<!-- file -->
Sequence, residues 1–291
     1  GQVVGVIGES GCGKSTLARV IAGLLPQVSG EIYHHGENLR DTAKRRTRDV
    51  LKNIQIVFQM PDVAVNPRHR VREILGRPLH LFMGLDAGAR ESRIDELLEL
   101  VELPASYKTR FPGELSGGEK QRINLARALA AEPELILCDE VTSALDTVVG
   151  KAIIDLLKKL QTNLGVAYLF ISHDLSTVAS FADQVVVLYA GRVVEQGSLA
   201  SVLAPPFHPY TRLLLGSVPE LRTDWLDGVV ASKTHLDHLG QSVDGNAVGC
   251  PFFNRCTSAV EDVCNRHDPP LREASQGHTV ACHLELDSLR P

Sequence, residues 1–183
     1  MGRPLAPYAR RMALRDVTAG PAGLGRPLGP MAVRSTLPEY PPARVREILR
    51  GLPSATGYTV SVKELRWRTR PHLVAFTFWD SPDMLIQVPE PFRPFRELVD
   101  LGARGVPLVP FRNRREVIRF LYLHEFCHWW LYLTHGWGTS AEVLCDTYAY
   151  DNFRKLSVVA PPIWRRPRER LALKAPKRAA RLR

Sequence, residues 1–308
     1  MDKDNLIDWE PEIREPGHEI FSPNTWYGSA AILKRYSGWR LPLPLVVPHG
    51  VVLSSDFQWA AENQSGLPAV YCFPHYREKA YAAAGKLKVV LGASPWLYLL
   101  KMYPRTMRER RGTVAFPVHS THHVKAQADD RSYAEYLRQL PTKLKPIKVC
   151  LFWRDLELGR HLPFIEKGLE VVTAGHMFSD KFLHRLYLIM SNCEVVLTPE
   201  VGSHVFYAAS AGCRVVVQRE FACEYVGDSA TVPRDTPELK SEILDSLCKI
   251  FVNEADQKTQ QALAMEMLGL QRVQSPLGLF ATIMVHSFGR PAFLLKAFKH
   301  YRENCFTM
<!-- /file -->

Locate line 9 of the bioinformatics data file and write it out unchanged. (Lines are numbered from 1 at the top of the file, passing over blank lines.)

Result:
     1  MGRPLAPYAR RMALRDVTAG PAGLGRPLGP MAVRSTLPEY PPARVREILR